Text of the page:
In Australian English, acreage brings to mind a large piece of rural land, large enough for production farming and much bigger than a house. Although etymology isn't always in sync with the contemporary use of particular words, in the case of acreage, the etymology of acre fits:
"[O]riginally 'open country, untenanted land, forest'; ... then, with advance in the agricultural state, pasture land, tilled land, an enclosed or defined piece of land" [OED]. In English at first without reference to dimension; in late Old English the amount of land a yoke of oxen could plow in a day, afterward defined by statute 13c. and later as a piece 40 poles by 4, or an equivalent shape [OED cites 5 Edw. I, 31 Edw. III, 24 Hen. VIII]. The older sense is retained in God's acre "churchyard." Adopted early in Old French and Medieval Latin, hence the Modern English spelling, which by normal development would be *aker (compare baker from Old English bæcere).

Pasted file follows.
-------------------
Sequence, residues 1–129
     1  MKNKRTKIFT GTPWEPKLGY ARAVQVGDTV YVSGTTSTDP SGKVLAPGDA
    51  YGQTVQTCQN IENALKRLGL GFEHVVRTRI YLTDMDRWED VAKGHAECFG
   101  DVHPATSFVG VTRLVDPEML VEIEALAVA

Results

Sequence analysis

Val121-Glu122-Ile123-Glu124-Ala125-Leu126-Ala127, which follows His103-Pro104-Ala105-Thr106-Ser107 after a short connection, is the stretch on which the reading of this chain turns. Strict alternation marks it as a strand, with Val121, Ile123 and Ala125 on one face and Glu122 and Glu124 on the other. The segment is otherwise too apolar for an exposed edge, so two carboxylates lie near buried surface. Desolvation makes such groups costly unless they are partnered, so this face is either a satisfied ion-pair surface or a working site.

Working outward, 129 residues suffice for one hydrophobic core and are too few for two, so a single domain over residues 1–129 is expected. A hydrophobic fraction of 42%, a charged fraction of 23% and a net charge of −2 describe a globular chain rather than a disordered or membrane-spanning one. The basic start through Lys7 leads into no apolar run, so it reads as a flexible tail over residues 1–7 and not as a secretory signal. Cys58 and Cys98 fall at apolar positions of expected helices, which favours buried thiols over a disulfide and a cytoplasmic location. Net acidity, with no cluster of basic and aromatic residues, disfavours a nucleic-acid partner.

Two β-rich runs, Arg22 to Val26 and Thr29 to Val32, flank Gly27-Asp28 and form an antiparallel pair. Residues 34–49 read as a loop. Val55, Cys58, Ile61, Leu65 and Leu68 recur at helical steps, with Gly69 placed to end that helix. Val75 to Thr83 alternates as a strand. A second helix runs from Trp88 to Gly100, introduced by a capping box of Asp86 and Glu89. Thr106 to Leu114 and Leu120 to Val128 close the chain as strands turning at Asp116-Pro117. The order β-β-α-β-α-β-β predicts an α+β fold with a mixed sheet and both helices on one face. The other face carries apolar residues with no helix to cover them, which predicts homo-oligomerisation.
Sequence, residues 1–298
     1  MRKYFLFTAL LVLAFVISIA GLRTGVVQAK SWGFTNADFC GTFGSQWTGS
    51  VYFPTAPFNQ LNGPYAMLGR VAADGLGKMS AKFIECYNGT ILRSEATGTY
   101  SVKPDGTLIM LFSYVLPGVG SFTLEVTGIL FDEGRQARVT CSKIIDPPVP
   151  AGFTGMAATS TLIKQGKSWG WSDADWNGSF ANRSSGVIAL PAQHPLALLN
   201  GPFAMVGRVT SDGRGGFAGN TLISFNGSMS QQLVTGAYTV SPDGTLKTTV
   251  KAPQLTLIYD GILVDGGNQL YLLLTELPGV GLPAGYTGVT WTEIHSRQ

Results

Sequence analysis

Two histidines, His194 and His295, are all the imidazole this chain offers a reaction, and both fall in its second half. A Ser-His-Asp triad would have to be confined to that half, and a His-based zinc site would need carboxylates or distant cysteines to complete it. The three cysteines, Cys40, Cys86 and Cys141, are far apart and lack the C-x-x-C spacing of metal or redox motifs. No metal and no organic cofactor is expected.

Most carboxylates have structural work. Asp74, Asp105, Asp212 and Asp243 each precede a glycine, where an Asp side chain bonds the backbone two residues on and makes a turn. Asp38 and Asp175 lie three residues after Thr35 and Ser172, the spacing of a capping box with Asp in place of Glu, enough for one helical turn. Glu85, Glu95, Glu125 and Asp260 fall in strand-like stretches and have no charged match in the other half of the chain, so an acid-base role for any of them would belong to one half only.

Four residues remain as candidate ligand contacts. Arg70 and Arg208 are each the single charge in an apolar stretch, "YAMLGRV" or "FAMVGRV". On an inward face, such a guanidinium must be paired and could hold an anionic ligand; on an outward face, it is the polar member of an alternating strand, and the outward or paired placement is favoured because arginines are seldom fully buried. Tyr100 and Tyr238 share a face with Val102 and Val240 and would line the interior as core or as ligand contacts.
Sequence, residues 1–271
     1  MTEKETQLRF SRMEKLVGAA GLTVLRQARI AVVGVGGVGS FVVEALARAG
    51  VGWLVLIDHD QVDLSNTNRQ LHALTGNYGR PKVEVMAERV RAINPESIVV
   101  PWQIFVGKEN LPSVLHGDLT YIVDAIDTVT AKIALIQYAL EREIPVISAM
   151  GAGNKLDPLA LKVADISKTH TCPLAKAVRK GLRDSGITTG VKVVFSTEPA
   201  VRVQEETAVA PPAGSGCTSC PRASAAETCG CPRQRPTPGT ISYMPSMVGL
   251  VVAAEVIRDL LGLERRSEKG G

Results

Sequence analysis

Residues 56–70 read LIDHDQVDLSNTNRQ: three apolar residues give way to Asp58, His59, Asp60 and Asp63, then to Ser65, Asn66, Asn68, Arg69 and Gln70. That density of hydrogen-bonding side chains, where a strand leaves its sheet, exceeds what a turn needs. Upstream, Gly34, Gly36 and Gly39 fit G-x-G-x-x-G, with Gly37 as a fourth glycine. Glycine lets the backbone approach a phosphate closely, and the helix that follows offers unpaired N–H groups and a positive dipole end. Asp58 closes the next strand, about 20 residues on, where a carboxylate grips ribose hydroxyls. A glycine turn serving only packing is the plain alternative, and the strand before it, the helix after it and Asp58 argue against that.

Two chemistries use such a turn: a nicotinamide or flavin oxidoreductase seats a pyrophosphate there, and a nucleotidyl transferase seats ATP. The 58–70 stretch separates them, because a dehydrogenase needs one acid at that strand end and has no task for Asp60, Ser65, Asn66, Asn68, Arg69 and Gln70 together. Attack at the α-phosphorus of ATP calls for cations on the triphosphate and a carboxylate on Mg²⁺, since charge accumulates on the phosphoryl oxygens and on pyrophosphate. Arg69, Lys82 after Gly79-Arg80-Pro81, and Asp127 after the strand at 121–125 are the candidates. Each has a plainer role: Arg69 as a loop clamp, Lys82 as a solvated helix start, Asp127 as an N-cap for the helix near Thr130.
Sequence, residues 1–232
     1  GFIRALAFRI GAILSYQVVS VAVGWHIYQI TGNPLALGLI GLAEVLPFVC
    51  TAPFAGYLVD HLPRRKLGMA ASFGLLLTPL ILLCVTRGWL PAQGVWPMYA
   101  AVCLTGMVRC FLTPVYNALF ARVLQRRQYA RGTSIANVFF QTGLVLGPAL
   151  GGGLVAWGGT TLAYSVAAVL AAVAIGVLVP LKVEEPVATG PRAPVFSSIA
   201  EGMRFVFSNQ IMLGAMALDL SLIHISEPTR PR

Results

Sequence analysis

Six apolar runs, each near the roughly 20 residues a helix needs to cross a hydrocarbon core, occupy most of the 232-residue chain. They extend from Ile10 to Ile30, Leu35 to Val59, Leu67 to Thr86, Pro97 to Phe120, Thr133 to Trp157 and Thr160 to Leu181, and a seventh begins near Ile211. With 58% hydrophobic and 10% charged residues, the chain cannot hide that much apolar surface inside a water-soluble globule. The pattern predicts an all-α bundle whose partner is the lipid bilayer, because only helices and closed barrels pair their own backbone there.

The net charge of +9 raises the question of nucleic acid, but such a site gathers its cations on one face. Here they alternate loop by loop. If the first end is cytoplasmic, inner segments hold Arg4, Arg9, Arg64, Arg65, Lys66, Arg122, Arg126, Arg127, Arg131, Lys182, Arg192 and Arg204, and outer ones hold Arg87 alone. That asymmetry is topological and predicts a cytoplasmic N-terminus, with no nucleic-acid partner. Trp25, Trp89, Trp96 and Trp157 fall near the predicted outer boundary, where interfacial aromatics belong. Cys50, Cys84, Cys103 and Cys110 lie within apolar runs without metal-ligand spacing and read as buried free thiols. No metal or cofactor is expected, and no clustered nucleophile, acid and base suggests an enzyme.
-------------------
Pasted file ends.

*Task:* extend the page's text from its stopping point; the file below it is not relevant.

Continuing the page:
There's no transactional connotation to the term that would imply that the land is for sale, unless the context specifies it.
Here's an example of the term used in an insurance ad:
The typical Small Farm policyholder will be someone who has a small acreage, with enough space to keep a few animals, pony for the children or grow vegetables for their own use and maybe selling some at the local weekend market.
The description is an example of the use of the term acreage in a context that doesn't necessarily have anything to do with buying or selling the property. Now, there are instances of 'acreage for sale', but that doesn't intrinsically tie acreage to sales. (Compare this with 'house for sale'.)
You also ask:
Would it be pragmatic to use acreage to refer to any plot of land that, theoretically, could be used for agricultural purposes?
Based on the above, such usage would likely be fine, unless the context strongly suggests otherwise.